Mejbani food

Mezban is a Persian term that means to “host.” It refers to a Chittagong-based ritual known as “community feasting.” Chittagong is known for its spicy and fiery curries, mostly made with meat. Mezbani Mangsho is a traditional Bangladeshi dish from Chittagong. Mezbani mangsho is the product of undying love.

This event may hold for a person’s death anniversary, the birth of a child, any significant accomplishment, the inauguration of a new business, or the celebration of the entry to a new residence. The host’s high prominence gets symbolized by organizing a mezban. The number of people that attend the feast may occasionally reach a few thousand. And Mezban organizers take great joy in this.

The Mezban is known for its simple cuisine consisting of rice and beef curry. But this isn’t just any curry. It takes a whole day and night to prepare, and the spices used within the curry give it a distinct flavor. The flesh, bones, and other body parts of the cow get mixed with onions, garlic, traditional spices, oil in large pots.

Then the beef gets cooked for around six to seven hours over low heat, covered until very soft. This dish requires no water since the meat produces enough liquid to form a stew. This delightful curry is then complimented with a salad of onions, green chilies, and tomatoes, as well as steaming lightly cooked rice.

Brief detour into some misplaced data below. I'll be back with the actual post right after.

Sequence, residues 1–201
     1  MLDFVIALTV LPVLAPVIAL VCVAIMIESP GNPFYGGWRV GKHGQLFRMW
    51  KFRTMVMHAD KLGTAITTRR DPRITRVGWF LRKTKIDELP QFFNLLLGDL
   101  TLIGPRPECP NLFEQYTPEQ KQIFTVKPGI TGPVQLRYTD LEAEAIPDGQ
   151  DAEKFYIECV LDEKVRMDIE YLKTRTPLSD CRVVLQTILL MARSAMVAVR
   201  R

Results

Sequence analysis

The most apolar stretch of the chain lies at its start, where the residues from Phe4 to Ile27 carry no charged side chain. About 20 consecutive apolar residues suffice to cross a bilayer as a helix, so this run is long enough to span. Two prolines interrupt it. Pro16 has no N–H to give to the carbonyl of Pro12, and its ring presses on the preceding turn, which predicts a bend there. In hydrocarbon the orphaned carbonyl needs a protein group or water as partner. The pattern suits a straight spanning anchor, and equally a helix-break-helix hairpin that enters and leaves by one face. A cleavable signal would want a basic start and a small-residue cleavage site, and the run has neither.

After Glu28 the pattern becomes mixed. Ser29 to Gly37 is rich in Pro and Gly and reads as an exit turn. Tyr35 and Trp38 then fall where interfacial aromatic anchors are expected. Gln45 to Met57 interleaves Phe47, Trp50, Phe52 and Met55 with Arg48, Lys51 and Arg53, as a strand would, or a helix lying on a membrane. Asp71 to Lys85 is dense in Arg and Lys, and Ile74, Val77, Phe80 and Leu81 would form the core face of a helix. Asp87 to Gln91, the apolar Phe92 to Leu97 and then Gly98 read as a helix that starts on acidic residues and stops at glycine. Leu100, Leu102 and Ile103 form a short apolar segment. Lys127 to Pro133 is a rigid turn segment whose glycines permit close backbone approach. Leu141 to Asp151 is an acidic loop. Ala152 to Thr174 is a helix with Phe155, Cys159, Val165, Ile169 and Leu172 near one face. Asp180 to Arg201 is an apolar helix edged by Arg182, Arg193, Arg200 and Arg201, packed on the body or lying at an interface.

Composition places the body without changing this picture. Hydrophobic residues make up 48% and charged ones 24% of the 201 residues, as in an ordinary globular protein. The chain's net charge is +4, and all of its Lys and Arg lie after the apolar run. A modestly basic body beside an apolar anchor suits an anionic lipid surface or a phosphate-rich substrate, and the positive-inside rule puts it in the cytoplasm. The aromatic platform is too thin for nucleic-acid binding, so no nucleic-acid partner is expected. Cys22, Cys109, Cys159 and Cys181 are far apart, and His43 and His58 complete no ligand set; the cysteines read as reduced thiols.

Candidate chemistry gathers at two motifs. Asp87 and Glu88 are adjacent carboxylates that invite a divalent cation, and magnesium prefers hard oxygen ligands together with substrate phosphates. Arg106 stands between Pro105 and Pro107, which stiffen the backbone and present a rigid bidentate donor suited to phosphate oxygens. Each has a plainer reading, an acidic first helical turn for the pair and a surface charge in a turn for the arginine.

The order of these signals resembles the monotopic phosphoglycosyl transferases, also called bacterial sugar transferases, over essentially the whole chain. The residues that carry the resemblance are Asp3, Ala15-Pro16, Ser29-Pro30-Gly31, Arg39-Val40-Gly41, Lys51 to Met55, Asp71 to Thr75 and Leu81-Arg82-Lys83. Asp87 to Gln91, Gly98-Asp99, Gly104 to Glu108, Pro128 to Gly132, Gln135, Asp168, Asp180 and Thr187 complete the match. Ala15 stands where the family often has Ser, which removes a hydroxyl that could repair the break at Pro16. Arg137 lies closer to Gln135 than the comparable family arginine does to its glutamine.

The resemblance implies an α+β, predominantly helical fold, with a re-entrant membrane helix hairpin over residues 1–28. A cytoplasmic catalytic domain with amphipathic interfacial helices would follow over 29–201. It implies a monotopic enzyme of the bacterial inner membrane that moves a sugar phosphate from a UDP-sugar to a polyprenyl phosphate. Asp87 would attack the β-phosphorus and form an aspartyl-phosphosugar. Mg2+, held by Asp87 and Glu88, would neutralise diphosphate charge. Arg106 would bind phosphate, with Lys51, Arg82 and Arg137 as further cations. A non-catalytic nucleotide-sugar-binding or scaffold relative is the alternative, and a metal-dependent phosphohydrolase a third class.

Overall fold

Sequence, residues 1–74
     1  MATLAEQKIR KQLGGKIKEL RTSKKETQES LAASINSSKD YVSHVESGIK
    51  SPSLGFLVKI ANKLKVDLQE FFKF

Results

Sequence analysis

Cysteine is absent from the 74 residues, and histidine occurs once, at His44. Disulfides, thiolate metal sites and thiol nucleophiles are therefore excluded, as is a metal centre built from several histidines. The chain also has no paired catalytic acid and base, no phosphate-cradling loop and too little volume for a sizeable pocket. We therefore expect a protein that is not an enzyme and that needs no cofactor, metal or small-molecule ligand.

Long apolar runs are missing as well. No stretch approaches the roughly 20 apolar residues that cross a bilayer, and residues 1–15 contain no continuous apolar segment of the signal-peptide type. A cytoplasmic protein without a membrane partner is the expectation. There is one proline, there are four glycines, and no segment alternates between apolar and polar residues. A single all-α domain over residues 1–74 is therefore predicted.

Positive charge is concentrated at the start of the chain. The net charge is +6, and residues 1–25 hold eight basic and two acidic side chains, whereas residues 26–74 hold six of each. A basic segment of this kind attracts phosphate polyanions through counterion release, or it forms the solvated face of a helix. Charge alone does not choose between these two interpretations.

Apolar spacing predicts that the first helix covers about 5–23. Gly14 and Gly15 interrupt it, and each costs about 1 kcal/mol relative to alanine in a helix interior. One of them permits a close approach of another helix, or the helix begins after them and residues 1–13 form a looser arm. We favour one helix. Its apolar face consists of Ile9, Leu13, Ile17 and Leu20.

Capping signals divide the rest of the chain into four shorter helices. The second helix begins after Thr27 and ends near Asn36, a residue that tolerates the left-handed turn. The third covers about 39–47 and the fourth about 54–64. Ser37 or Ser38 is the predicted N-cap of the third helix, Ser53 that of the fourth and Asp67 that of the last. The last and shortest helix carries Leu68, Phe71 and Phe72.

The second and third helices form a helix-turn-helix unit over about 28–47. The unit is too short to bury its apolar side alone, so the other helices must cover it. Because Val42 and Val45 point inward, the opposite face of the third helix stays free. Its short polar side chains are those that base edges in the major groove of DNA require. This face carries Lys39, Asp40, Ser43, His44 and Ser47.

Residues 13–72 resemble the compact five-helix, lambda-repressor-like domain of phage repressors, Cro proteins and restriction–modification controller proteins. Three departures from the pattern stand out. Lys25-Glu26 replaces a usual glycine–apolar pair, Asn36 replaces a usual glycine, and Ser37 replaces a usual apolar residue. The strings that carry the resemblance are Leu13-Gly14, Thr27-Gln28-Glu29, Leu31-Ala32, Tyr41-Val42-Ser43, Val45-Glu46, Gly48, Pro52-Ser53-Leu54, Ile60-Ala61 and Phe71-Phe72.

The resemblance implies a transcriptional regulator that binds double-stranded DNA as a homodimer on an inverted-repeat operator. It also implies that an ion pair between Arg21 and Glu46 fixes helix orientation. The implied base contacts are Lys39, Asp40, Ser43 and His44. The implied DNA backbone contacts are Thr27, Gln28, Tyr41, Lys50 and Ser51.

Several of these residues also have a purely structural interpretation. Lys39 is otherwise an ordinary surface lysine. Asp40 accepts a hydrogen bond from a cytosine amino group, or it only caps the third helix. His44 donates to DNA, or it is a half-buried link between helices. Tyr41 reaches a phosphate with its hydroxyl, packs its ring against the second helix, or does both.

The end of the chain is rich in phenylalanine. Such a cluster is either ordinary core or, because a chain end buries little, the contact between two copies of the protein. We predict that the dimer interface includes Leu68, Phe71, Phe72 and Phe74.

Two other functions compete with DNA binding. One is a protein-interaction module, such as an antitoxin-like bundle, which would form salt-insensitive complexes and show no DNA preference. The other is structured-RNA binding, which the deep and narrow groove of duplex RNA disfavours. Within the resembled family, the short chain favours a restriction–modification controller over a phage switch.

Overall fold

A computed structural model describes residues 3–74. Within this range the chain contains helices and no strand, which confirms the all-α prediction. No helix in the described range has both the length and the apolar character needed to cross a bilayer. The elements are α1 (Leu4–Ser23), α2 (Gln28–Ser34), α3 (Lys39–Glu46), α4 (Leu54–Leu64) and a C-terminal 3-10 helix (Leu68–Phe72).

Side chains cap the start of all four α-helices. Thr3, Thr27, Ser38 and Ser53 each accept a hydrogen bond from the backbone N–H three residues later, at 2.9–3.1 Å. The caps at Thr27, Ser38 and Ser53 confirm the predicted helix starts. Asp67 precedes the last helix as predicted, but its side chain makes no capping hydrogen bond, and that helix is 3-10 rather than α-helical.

Dried Fish (Shutki)

Shutki, or dried and cured fish, is a controversial subject among Bengalis. Shutki — a Bengali term that means “dried up” or “anorexic” — refers to dried fish or shrimp, and it’s intrinsically linked to the overwhelming aroma that comes from them when they’re fried. Bangladeshis, in general, adore shutki in all its stinking splendor. Shutki enhances the flavor of curry. It is popular among Chatgaiyas.

Recently, many people are tasting the variations of smelly, fermented, cured foods like blue cheese, stinky tofu, lutefisk, kimchi, and axone. So, maybe it’s time to go back to roots and give shutki a chance. Dried Shutki served hot and spicy is a great way to explore the world of dried fish and meat. We hope you try-out Shutki once you visit here.

Kacchi Biryani

The name “Kacchi” means raw that indicates layering of the biryani components rather than cooking the meat or rice separately beforehand. Kachchi biryani gets traditionally cooked in a clay oven. The cooking pot gets covered with wheat dough to enable the biryani to cook in its own steam.